I first met Kirstie the day we shot the following editorial. She’s a radiant girl, enthusiastic about our collaboration, which started just by chance thanks to the photographer Carlotta de Rysky. She was born and based in North London, although completing a degree in jewellery at Middelsex University, her final collection was a small range of large felt garments. An amazing discovery that allowed me to use her original creations and understand what kind of work was behind them.
You studied jewellery design. What made you decide to design a fashion collection?
I had always made quite large pieces of jewellery, often out of fabric. I felt that I had so much freedom in this material. These developed into larger and larger pieces until I thought, why don’t I just make a garment. My course was very experimental and my tutors encouraged this approach.
What inspired your collection?
Before my placement year, I was creating pieces that were made from repeating shapes and this repetition allowed a certain movement or rhythm to my piece. On my placement year I worked with Fred Butler, which established an affiliation with origami – I’m drawn to origami and all the shapes it contains, once folded. I also looked into works during the 1980′s-90′s by Issey Miyake.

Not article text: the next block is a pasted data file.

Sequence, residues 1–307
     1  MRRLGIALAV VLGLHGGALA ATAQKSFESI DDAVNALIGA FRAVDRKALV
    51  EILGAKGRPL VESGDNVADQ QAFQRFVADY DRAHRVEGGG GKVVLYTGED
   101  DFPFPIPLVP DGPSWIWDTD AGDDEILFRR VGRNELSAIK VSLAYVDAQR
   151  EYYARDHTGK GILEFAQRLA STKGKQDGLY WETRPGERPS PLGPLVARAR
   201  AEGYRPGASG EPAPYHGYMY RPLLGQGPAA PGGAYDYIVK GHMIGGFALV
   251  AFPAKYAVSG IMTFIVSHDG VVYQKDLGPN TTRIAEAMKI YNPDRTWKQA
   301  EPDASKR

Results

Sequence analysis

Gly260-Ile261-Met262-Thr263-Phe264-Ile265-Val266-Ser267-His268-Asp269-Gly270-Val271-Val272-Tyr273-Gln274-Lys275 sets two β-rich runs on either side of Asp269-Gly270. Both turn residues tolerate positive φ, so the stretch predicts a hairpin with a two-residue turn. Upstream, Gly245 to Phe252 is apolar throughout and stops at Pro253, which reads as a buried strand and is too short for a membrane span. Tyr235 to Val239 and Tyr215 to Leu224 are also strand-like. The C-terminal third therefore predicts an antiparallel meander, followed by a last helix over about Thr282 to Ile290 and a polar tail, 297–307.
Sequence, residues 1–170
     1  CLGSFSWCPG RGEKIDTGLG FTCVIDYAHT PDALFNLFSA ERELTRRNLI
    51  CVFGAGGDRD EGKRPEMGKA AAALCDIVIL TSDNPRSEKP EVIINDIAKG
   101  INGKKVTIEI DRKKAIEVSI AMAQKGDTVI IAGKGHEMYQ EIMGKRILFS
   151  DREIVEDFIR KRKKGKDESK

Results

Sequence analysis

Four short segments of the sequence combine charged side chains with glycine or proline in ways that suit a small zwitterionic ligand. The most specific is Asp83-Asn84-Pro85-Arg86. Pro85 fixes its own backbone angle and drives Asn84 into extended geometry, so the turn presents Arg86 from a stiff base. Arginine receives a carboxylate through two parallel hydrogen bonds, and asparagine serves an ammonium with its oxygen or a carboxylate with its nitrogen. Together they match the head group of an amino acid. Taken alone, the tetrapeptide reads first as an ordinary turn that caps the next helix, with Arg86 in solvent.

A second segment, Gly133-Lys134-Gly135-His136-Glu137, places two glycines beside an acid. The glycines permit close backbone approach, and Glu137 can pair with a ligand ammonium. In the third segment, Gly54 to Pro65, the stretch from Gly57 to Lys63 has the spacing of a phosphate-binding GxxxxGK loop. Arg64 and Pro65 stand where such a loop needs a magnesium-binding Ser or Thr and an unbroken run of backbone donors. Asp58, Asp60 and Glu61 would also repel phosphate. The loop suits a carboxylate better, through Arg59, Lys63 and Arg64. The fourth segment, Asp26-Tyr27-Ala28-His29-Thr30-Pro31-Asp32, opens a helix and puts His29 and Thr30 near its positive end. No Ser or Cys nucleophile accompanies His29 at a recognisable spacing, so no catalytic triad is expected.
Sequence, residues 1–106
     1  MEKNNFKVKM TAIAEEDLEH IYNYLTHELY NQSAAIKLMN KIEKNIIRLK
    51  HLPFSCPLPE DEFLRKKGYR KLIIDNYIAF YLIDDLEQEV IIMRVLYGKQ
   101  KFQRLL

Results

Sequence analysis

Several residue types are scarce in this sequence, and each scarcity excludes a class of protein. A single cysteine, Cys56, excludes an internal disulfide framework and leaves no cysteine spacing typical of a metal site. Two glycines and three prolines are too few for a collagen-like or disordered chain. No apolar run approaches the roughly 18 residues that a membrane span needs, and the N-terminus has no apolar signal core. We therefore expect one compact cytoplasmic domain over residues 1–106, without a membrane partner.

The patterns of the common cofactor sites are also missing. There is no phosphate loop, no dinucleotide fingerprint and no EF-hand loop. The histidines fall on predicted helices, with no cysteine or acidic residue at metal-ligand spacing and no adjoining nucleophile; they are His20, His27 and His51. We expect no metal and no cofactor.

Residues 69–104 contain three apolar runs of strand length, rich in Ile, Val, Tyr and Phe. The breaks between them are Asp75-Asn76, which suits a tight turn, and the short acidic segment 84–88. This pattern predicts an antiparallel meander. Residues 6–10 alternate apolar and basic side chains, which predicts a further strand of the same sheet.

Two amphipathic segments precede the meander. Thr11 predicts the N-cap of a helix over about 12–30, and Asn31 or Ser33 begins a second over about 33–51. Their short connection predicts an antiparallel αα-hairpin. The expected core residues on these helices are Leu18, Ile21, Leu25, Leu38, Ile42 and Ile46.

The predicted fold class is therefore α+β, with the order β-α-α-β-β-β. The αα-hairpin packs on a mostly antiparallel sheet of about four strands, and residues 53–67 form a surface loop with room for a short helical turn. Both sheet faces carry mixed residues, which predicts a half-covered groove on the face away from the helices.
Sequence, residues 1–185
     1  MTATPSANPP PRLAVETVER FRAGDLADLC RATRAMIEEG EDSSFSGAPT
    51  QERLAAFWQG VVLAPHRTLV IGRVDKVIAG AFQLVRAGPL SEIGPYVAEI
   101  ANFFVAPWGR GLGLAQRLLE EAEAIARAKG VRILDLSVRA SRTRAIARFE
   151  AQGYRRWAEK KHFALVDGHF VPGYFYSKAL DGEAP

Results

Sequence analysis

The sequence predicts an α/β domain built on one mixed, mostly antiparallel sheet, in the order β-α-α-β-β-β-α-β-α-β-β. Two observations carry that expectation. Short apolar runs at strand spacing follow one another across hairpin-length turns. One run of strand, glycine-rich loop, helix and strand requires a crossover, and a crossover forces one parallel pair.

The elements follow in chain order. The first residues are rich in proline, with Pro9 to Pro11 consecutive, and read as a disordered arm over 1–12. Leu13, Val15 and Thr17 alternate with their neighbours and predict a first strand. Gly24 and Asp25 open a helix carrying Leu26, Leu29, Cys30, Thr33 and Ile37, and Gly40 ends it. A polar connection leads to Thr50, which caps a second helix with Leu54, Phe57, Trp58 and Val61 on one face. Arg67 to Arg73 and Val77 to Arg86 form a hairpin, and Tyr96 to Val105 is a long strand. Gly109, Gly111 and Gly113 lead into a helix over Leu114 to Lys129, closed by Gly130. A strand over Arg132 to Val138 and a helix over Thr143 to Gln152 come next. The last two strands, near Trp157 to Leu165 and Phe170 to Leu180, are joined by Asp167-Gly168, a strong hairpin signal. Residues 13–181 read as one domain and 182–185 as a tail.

I’ve always been very drawn to modern architecture. This, I feel is my biggest inspiration. I’m so obsessed with Brutalism and Constructivism within architecture. The angular and block elements to these movements inspired me and I combined these with my love for origami and it happened from there!
Which material did you use?
My final collection is made from felt and industrial felt, which is a very thick felt
You say modern architecture heavily influences your design. How is that? What fashion has to do with architecture?
I am just so drawn to it! It’s manifesto and the geometry. I genuinely feel a surge of happiness when I’m walking around a building that I’m in love with! I don’t know if fashion has much to do with architecture but I think you can be inspired by absolutely everything and apply it in whatever way you want, to whatever medium.
So your clothes look very structured and at the same time very flexible. It’s a paradox.
Yes there is a paradoxical element to my pieces, that you’ve mentioned. As I said before, I had always used shapes and repetition to create movement and I quite like there to be interaction with my pieces. This is just an extension to my inspirations and combining the origami and buildings.
What kind of woman do you have in mind when you design clothes?
When designing this collection, I didn’t have anyone in mind. It was totally about the garment and the person wearing it was just a form of display! I suppose it doesn’t even have to be a woman, I see my pieces as being unisex and they have been modelled by males too.
What can we expect to see from you in the future?
I am currently working on a jewellery collection, with very similar inspirations. My graduate collection was very experimental and sadly I’ve had to slip into reality and realize that I need to make money. I can’t really make a living out of making these felt pieces as much as I’d love to.
I also really love working in metal. Even though I sometimes feel restricted when working in it, but to have a piece that is wearable, strong and has elements of architecture makes me very happy! This collection is due to launch in June/July time so keep your eyes peeled!